The sinc\operatorname{sinc} function is defined by

sinc(x)=sin(x)x. \operatorname{sinc}(x) = \frac{\sin (x)}{x}.

A standard contour integral tells us

sinc(x)  dx=π. \int _{-\infty }^\infty \operatorname{sinc}(x) \; \mathrm{d}x = \pi .

Alternatively, we can observe that

sinc(x)=1211eikt  dk. \operatorname{sinc}(x) = \frac{1}{2} \int _{-1}^1 e^{i k t}\; \mathrm{d}k.

So up to some factors sincx\operatorname{sinc}x is the Fourier transform of the indicator function of [1,1][-1, 1]. The preceding integral of sincx\operatorname{sinc}x can be thought of as the value of the Fourier transform at 00. Applying the Fourier inversion formula and carefully keeping track of the coefficients gives us the previous calculation.

David and Jonathan Borwein 1 observed that we also have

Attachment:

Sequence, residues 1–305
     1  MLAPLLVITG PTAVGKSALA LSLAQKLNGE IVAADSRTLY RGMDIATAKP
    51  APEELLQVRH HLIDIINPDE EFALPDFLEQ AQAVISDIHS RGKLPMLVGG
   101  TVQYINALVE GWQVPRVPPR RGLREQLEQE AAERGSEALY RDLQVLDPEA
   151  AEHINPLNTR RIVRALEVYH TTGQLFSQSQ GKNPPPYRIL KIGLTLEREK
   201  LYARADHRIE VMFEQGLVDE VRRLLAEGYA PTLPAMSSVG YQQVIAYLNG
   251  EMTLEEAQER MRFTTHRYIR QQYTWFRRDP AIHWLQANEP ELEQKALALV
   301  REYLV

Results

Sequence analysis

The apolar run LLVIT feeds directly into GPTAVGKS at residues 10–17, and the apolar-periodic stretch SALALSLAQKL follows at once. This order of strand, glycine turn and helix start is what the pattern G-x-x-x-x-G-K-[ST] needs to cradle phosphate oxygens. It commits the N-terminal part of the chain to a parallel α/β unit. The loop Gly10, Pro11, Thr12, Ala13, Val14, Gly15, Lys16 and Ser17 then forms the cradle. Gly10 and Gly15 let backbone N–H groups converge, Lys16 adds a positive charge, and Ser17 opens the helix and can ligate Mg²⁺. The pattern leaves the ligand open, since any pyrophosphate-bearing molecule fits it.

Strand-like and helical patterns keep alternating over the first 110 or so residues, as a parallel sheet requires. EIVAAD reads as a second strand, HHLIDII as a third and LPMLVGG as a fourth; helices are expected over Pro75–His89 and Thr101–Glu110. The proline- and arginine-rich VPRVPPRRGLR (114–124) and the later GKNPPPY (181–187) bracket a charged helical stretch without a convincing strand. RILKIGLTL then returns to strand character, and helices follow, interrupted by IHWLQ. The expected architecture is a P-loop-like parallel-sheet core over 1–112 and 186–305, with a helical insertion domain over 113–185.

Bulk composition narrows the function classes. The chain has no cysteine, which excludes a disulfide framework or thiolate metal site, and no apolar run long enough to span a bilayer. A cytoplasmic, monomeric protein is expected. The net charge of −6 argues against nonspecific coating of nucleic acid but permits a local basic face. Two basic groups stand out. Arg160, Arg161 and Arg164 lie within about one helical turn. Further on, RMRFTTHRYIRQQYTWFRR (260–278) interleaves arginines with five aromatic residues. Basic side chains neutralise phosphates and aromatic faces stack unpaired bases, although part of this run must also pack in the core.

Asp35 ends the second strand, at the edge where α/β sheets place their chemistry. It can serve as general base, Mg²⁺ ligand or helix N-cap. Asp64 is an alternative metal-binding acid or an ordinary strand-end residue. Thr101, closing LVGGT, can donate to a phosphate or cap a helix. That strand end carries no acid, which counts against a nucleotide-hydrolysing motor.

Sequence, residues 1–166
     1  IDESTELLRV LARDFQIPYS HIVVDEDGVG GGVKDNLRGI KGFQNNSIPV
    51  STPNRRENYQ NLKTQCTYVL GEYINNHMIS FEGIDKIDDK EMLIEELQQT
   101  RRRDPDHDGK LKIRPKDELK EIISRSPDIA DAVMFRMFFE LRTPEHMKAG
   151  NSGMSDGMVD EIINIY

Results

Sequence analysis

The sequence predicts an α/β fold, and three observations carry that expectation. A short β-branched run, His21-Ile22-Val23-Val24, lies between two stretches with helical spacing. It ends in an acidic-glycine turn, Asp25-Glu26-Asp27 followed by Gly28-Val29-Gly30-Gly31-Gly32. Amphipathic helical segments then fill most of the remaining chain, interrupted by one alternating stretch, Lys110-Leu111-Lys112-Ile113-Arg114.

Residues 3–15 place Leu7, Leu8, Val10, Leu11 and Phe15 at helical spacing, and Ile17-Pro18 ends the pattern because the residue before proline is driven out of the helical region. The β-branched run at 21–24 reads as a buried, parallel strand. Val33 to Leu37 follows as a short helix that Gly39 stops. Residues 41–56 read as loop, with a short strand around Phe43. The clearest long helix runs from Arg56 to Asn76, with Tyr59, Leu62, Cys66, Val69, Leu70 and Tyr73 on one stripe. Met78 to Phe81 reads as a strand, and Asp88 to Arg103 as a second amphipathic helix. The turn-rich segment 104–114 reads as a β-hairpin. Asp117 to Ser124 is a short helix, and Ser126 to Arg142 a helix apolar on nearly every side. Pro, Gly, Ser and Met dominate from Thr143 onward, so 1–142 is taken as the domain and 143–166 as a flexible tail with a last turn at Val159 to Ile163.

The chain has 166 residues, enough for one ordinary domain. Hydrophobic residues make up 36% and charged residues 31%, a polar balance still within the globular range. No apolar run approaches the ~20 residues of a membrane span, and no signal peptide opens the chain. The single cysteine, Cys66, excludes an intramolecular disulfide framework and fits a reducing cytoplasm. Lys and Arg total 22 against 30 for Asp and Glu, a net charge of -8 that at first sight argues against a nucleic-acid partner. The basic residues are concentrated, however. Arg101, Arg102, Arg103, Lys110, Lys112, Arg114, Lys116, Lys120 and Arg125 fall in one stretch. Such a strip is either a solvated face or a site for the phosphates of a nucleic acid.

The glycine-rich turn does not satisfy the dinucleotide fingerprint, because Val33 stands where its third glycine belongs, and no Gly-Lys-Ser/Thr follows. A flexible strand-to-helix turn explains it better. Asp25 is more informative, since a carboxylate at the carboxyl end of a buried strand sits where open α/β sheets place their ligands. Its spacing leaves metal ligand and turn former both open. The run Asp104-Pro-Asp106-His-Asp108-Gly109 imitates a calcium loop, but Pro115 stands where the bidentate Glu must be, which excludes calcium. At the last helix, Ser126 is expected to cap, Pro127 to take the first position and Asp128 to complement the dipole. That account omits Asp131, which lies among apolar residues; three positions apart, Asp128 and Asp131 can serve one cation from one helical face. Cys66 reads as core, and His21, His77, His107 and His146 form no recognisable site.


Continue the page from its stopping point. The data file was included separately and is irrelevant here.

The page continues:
sinc(x)sinc(x3)  dx=π,sinc(x)sinc(x3)sinc(x5)  dx=π,sinc(x)sinc(x3)sinc(x5)sinc(x7)  dx=π. \begin{aligned} \int _{-\infty }^\infty \operatorname{sinc}(x) \operatorname{sinc}\left(\frac{x}{3}\right) \; \mathrm{d}x & = \pi ,\\ \int _{-\infty }^\infty \operatorname{sinc}(x) \operatorname{sinc}\left(\frac{x}{3}\right)\operatorname{sinc}\left(\frac{x}{5}\right) \; \mathrm{d}x & = \pi ,\\ \int _{-\infty }^\infty \operatorname{sinc}(x) \operatorname{sinc}\left(\frac{x}{3}\right) \operatorname{sinc}\left(\frac{x}{5}\right) \operatorname{sinc}\left(\frac{x}{7}\right) \; \mathrm{d}x & = \pi . \end{aligned}

This pattern holds up until

sinc(x)sinc(x3)sinc(x13)  dx=π. \int _{-\infty }^\infty \operatorname{sinc}(x) \operatorname{sinc}\left(\frac{x}{3}\right) \cdots \operatorname{sinc}\left(\frac{x}{13}\right) \; \mathrm{d}x = \pi .

Afterwards, we have

sinc(x)sinc(x3)sinc(x15)  dx=467807924713440738696537864469467807924720320453655260875000π. \int _{-\infty }^\infty \operatorname{sinc}(x) \operatorname{sinc}\left(\frac{x}{3}\right) \cdots \operatorname{sinc}\left(\frac{x}{15}\right) \; \mathrm{d}x = \frac{467807924713440738696537864469}{467807924720320453655260875000} \pi .

As we keep going on, the value continues to decrease.